Unfathomable Z 229–15: Everything, in One Place, All at Once

Hubble Space Telescope Z 229-15

Hubble Space Telescope image shows Z 229-15 in beautiful detail. This celestial object that lies about 390 million light-years from Earth in the constellation Lyra. Credit: ESA/Hubble & NASA, A. Barth, R. Mushotzky

This luminous NASA/ESA Hubble Picture of the Week shows Z 229-15 — imaged here in exquisite detail by the Hubble Space Telescope — a celestial object that lies about 390 million light-years from Earth in the constellation Lyra. Z 229-15 is one of those interesting celestial objects that, should you choose to research it, you will find defined as several different things: sometimes as an active galactic nucleus (an AGN); sometimes as a quasar; and sometimes as a Seyfert galaxy. Which of these is Z 229-15 really? The answer is that it is all of these things all at once, because these three definitions have significant overlap.

AGNs and quasars are both described in detail in the links provided here, but in essence, an AGN is a small region at the heart of certain galaxies (called active galaxies) that is far brighter than just the galaxy’s stars would be. The extra luminosity is due to the presence of a supermassive black hole at the galaxy’s core. Material sucked into a black hole actually doesn’t fall directly into it, but instead is drawn into a swirling disc, from where it is inexorably tugged towards the black hole. This disc of matter gets so hot that it releases a large amount of energy across the electromagnetic spectrum, and that’s what makes AGNs appear so bright.

Quasars are a particular type of AGN; they are typically both extremely bright and extremely distant from Earth — several hundred million light-years is considered nearby for a quasar, making Z 229-15 positively local. Often an AGN is so bright that the rest of the galaxy cannot be seen, but Seyfert galaxies are active galaxies that host very bright AGNs (quasars) while the rest of the galaxy is still observable. So Z 229-15 is a Seyfert galaxy that contains a quasar, and that, by definition, hosts an AGN. Classification in astronomy can be a challenge!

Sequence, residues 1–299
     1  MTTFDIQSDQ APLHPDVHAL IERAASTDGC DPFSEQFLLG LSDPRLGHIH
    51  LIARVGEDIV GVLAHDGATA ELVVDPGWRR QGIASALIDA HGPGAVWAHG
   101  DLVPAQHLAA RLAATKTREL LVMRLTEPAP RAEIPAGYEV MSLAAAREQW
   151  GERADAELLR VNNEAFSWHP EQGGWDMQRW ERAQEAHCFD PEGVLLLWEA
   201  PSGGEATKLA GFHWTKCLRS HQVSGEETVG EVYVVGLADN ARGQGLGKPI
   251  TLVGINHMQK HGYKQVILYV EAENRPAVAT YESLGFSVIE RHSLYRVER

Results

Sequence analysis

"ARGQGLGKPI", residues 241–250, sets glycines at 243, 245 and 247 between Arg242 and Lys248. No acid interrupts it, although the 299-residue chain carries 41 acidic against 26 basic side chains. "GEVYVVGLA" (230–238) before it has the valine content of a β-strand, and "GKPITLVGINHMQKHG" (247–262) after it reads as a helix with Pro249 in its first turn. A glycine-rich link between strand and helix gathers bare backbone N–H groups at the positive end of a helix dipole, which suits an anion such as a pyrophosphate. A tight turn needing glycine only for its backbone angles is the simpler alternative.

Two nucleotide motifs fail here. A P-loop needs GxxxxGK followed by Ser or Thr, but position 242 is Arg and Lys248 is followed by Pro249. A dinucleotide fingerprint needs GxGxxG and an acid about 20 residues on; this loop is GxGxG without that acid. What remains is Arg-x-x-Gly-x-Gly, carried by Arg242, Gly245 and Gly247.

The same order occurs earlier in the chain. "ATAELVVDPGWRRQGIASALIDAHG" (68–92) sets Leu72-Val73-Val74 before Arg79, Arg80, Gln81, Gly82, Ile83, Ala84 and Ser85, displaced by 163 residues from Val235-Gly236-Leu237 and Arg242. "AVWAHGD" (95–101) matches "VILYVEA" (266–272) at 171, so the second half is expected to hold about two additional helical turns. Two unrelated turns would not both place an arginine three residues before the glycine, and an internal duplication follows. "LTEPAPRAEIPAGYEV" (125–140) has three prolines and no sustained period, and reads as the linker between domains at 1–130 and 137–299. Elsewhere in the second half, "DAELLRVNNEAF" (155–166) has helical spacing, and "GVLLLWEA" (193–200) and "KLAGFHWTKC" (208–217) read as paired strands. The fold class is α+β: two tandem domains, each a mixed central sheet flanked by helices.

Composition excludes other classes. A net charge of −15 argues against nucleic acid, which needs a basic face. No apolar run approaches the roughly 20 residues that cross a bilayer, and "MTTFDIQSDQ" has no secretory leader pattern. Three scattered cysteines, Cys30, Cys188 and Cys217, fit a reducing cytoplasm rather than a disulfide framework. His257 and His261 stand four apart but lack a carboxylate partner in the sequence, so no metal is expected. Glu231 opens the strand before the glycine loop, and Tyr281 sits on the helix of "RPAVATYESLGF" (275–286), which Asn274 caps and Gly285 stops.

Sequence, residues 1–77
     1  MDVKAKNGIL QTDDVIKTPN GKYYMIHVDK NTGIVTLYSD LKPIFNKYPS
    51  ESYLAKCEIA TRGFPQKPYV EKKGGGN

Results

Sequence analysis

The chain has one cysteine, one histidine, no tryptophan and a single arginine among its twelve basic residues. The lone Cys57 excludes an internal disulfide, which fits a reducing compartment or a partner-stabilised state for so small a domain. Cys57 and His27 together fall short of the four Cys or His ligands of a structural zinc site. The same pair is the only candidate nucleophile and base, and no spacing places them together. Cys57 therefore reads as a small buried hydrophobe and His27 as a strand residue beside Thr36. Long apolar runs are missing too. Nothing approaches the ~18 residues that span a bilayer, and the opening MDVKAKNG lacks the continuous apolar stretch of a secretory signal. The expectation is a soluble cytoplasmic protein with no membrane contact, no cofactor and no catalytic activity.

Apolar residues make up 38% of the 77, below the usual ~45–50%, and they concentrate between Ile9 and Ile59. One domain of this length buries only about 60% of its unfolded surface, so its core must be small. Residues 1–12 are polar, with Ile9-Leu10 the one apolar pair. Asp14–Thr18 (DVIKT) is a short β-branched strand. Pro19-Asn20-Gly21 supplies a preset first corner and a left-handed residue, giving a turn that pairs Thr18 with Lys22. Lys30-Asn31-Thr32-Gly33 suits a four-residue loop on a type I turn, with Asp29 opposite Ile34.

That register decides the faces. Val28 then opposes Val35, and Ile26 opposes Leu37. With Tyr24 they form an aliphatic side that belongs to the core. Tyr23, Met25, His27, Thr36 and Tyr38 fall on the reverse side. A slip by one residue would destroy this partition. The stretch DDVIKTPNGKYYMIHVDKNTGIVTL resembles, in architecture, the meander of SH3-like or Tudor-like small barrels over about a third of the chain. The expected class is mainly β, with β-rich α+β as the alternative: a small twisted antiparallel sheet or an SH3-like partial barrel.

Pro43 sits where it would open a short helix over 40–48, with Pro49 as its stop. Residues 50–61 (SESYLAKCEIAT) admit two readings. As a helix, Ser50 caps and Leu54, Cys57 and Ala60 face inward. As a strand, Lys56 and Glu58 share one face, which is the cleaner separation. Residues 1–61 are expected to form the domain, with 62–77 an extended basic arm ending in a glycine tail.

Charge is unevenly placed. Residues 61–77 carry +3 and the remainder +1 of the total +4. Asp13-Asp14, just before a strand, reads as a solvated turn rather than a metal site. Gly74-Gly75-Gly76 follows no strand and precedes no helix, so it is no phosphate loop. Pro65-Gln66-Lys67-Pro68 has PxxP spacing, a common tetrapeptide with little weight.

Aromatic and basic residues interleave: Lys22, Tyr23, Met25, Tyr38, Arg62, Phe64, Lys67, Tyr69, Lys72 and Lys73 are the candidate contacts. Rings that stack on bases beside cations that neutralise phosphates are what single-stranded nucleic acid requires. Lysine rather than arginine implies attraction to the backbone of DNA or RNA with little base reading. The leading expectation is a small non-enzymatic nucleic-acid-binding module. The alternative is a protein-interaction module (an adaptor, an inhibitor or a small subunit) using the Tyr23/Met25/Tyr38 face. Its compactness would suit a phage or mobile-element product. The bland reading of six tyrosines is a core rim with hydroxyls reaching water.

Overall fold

11 Comments on "Unfathomable Z 229–15: Everything, in One Place, All at Once"

  1. Milton Robertson | March 27, 2023 at 7:13 pm | Reply

    This is such a beautiful display of the Divine Creators magnificent work. This is far beyond mere mortal most expansive imagination. I fully realize that what is on display is but a thumbnail display of what is currently available to our view.

    • Webster Phreak | March 28, 2023 at 4:47 pm | Reply

      PROVE IT, physically PROVE IT. “Divine Creators magnificent work”
      You have Zero Evidence, just as there is ZERO evidence of ANY “god”.

      • Much in the same way that you have Zero Evidence, big guy. Sorry this person isn’t as unraveled as you are inside. Who on earth do you think you are pretending like youre demanding it proven to you, chump? Mind your business and stop being a bleeding cry baby. They know what they know, because they do. Your superiority complex is making an ass of you.

        • Fixed gravity for you. | March 29, 2023 at 12:06 pm | Reply